And with that, the professor concludes this opening digression, which he punctuates with yet another deep-in-the-bronchiii cough.

It is clear to me that I then had a bunch of things in my head, some right and some wrong, including:

  • The wrong belief that asymptomatic transmission was not frequent, so stopping the symptomatic for quarantine at borders would be effective.
  • The wrong belief that governments would quickly move to stop and quarantine anyone with a fever or a cough at border control.
  • The right belief that if this thing got out into the world its symptomatic attack rate would be 60% or so.
  • The probably right belief that the mortality rate among the symptomatic would be between 0.5% and 1.0%.
  • The belief that success in containing COVID-19 would be keeping the global death toll from the epidemic below 10 million.
  • The belief that failure could be a global death tool of: 8 billion x 60% x 1% = 50 million.
  • The wrong belief that the United States had little to fear—that we would stomp this thing at the borders, and that the cases that slipped through would then be dealt with by isolate-trace-&-test-&-isolate.
  • The wrong belief that our public health authorities and our government could be competent—that we would not suffer from the deficiencies of authoritarian government which had hobbled the early-stage response in China.

I had not remembered—or I had underestimated—the dire level of incompetence and foolishness of the orange-haired baboon who is President Donald Trump. And I had not remembered—or I had underestimated—the extent to which everyone now working for the Trump administration was craven or incompetent or both.


Iran & Coronavirus in Early March

I may have talked about coronavirus in lecture later on in February. I do not remember doing so. I went back over the automatic transcripts, but not all recorded lectures have transcripts, and not all lectures were recorded by the course-capture process, I do know that coronavirus was on my (and the students’) minds, so the next time it emerged in the news, with the outbreak in Iran, I once again talked about it at the start of lecture. This is from March 4, 2020:

Iran. Iran says that it has so far had 3,000 coronavirus cases, and that 100 people have died of coronavirus. However, at the cabinet meeting Wednesday morning, both Vice President Jahangiri and Industry Minister Rahmani were absent. There are reports about Rahmani being hospitalized in an ICU. The chief of staff is also absent. The Supreme Economic Coordinating Council appears to be down from six people to three.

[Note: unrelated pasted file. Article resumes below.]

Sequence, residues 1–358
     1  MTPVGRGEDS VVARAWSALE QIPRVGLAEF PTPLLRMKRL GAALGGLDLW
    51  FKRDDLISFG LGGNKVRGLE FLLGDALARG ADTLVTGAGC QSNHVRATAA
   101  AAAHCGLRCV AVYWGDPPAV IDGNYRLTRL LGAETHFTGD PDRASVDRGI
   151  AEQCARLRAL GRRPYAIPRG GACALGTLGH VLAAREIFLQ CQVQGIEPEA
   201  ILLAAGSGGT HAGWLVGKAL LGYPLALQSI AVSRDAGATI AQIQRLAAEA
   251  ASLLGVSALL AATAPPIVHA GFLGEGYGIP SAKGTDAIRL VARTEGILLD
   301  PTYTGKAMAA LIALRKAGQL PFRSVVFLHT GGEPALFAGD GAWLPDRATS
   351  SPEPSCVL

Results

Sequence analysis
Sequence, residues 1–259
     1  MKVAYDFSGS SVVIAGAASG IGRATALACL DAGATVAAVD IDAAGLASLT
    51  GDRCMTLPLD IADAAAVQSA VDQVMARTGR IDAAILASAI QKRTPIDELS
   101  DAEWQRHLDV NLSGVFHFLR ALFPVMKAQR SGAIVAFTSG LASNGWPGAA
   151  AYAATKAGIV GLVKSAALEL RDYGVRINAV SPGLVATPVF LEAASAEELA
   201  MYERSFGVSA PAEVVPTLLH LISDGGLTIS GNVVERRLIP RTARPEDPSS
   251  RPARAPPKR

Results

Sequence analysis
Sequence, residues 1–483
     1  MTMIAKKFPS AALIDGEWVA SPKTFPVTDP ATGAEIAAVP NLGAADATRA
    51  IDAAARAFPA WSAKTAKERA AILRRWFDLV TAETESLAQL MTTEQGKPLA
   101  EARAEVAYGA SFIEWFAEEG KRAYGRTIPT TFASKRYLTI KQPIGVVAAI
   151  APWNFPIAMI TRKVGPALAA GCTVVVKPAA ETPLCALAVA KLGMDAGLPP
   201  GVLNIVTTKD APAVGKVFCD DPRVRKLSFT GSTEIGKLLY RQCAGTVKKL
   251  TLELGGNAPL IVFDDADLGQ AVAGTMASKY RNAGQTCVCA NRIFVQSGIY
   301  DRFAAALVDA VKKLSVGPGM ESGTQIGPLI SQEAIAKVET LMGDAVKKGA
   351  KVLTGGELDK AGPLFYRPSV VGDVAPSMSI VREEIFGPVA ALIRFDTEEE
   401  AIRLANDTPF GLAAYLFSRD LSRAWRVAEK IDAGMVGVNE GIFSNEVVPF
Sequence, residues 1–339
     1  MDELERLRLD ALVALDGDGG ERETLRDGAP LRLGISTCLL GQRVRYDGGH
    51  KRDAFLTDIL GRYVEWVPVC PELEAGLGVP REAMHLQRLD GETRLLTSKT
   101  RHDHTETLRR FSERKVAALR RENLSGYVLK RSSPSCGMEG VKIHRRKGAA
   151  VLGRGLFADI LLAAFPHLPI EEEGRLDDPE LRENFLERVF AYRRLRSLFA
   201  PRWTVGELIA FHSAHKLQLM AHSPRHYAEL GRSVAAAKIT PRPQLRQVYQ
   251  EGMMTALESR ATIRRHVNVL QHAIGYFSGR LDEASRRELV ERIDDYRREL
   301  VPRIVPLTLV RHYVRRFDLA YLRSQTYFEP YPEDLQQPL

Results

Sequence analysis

What are the odds that the 3,000 and the 100 or so are all members of Iran's elite?

We have no clue how large this is in Iran.

But it seems like the thing has majorly jumped, from China to Iran and possibly elsewhere. As a result, we now are living in the spring of coronavirus.

Calls for what Berkeley will do are Carol Christ's.

That said, if you are coughing and sneezing—if you are coughing and sneezing, go get tested. And until you get tested, please stay home. Email me, and I'll give you lots and lots of extra credit points for being willing to hang out in your home, eating potato chips, rather than infecting other people with possible coronavirus.

Otherwise… there are powerful, powerful reasons to come to lecture. There are powerful herd animal benefits. The experiment with MOOCs has not gone well over the past decade. Getting people in a room together at a specific time, and then having them near other people thinking about the same thing, seems to have mammoth benefits.

As for what's likely to happen during coronavirus, I am not an expert. You should find someone in a public health program. They are the experts…

#coronavirus #highlighted #publichealth #2020-04-27